Monday, March 22, 2010

That's All, Folks.

The Washington Post is reporting that the health care bill has passed in the House by a vote of 219 in favor and 212 against. So, now that all the votes have been taken, and conservatives and Republicans have egg on their faces, I have a few thoughts:
  • I'm come away with mixed feelings. Like many, I have long thought that the health care system needed an overhaul. I've gone without insurance, not knowing how I could afford the medicines I take for depression and racking up bills while off of insurance. During one of those times I was without insurance, I came down with a severe infection that landed me in the hospital. If it wasn't for a government-sponsored plan (in this case, Medicaid) I would have faced a huge bill that I would still be paying for today, some fourteen years later. So, I know that there needs to be reform and I acknowledge that the government has to have a role. I am glad the current bill would ban insurers from using pre-existing conditions as a way to not insure people.That said, I don't like this current bill and what it will create in America. I'm not worried about a "government takeover," but I am concerned that about how this program will pay or not pay for itself. I tend to believe that this will impose a new entitlement on Americans that we can't afford. If you thought the addition of prescription drug benefits to Medicare was costly, just wait. Peter Suderman and Douglas Holz-Akin do a good job of trying to explain that the supposed savings of this plan are just that, supposed.
  • Does anyone really believe when Republicans say that they are going work to repeal this bill? I mean, who the hell are they kidding? Are you really going to tell older Americans that they will reinstate the so-called "donut hole" in currently in Medicare? That's not gonna happen, and those bloggers and politicians that are pushing for repeal are either lying or smoking something.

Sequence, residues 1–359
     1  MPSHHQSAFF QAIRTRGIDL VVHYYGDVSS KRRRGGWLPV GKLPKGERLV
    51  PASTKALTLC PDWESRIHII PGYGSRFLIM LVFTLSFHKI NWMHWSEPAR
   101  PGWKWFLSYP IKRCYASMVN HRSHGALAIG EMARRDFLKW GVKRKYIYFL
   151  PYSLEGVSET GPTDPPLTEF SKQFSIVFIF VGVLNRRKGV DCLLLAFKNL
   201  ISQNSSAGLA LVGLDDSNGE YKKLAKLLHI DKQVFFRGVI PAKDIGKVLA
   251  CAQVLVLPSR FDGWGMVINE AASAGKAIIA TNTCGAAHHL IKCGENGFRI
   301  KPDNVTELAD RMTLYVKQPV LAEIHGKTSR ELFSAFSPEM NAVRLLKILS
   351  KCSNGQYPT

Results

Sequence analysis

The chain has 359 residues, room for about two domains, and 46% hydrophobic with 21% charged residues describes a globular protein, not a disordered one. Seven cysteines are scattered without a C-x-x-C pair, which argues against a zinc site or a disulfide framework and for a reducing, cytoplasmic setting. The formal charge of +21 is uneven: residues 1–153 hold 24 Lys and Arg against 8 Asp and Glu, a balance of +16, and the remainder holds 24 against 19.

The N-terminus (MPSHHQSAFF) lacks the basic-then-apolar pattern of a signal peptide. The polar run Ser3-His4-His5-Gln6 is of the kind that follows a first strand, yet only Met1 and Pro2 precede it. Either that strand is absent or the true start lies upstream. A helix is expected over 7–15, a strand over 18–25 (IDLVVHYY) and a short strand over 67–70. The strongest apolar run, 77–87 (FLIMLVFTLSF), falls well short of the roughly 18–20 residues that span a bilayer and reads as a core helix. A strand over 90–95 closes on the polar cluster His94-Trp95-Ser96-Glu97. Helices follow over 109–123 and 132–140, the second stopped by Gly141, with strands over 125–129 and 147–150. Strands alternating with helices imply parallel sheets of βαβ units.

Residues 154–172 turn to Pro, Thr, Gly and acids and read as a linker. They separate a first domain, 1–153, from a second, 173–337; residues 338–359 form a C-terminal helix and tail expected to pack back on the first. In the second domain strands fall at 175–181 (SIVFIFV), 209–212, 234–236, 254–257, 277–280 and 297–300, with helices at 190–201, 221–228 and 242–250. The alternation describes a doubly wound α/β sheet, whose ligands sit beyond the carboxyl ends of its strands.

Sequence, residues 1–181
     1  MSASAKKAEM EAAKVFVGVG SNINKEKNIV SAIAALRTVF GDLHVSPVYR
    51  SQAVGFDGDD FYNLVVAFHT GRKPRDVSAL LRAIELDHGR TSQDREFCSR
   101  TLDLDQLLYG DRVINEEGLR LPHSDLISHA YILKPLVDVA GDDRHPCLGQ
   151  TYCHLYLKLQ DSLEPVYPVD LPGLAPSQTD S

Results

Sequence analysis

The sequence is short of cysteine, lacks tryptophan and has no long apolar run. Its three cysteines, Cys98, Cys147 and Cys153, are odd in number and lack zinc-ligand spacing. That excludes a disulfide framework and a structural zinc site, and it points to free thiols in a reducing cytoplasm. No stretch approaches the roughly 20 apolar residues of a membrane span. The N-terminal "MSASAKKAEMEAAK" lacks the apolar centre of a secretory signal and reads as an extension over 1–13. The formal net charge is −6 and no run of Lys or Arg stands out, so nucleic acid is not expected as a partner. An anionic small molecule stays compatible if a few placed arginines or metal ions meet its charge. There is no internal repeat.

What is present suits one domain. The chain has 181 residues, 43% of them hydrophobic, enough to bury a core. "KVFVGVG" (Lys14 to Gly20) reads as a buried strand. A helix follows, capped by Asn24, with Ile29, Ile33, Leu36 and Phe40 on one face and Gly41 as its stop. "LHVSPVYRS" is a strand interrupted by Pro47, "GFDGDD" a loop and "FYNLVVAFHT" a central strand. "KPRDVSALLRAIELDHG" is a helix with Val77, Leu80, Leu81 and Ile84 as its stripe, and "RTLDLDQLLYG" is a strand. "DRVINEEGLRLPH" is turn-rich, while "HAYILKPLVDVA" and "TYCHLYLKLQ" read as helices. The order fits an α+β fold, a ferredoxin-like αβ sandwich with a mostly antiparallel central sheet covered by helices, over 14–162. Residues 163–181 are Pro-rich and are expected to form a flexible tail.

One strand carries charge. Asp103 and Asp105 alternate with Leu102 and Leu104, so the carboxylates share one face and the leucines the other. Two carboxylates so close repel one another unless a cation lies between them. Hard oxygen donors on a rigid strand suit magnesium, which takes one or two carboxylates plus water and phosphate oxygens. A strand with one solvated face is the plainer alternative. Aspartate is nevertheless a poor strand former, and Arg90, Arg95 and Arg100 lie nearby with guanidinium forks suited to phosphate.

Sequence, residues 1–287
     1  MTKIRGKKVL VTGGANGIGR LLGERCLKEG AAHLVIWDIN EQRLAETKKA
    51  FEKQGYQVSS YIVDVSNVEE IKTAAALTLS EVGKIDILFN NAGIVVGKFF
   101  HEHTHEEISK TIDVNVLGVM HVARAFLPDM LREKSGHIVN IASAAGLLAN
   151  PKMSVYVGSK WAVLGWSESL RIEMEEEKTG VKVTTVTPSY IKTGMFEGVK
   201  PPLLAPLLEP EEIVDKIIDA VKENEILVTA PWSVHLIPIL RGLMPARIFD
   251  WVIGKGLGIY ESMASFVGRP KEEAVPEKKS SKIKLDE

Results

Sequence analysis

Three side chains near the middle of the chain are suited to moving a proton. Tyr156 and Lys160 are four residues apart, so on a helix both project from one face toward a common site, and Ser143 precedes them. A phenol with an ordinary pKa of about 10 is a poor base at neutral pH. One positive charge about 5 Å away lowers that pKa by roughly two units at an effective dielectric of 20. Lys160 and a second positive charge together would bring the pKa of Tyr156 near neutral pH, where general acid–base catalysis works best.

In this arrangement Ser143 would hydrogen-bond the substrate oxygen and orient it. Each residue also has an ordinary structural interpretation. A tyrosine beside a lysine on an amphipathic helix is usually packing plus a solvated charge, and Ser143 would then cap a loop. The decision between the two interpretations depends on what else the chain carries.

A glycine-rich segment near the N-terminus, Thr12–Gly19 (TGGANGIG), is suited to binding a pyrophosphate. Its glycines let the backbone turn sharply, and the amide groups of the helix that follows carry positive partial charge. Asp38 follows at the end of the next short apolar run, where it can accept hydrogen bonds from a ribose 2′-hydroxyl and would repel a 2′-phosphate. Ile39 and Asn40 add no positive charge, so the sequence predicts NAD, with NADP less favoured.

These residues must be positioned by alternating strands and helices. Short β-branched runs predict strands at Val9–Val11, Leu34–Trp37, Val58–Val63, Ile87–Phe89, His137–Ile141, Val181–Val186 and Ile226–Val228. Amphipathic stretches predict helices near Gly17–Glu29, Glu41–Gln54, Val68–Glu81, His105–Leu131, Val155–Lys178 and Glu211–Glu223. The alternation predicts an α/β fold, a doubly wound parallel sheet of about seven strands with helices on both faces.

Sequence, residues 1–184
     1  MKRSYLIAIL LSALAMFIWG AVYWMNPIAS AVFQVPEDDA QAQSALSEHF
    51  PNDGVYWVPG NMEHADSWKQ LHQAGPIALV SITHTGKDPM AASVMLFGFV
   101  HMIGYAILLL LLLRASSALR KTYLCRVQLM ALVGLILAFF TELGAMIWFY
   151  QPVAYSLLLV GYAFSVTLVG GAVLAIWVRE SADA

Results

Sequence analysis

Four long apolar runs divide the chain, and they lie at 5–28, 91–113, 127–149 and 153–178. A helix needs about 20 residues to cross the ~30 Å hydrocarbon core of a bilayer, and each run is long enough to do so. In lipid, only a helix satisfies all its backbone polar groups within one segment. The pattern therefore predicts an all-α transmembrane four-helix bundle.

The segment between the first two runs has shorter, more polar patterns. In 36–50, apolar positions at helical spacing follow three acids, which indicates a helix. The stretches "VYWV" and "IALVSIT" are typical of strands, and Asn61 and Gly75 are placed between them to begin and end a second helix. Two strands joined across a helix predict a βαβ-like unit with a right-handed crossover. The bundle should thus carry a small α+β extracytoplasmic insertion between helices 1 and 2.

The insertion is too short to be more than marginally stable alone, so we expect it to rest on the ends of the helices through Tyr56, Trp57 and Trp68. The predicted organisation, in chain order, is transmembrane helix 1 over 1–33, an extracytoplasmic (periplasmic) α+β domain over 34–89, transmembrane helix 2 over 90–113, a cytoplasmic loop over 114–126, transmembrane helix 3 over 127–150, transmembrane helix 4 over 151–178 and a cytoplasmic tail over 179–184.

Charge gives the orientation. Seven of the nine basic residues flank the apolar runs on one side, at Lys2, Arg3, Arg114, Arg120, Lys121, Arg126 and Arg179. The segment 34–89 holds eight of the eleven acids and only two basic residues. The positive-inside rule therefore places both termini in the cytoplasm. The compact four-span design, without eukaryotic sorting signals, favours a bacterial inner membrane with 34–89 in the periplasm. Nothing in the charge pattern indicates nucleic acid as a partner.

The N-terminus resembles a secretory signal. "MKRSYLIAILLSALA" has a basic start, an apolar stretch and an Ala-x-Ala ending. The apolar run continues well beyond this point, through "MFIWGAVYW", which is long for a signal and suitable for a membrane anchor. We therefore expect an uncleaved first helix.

• I've already said this before, but I think the GOP really blew it in their handling of health care. They expected a repeat of 1994. That didn't happen. Then they hoped that socially conservative Democrats would block the bill because of fears that it would fund abortions. They didn't expect the President to make deals with those Democrats. David Frum had a good piece about a year ago about the so-called "Goldwater myth" that allowed the Dems to spend like crazy and invest in programs that were wasteful. 1994 might not be repeating itself, but 1964 surely is.
  • I also don't see Congress going back to "fix" things later. We've spent a year debating this bill, does anyone think we want to go back to debate again? Megan McArdle is correct:
    Those like my colleague Andrew, who want Republicans to turn to the task of improving this monstrous bill--how is that going to happen? The "fixes" are all the unpopular stuff: the taxes, the spending cuts. You think that now that Democrats got to hand out the goodies, Republicans are going to be the nasty folks who volunteer to hand around the bill for a law they didn't even want to pass?

    Every time I hear comments on this sort of thing, I want to say, "And what other things have you been wondering during your visit to our planet?"

For better or for worse, and I think there is a little bit of both, we are stuck with this bill. I'm glad we might be able to give health care to millions of Americans that are without it, but I do have to wonder at what cost, and if we can afford that cost.

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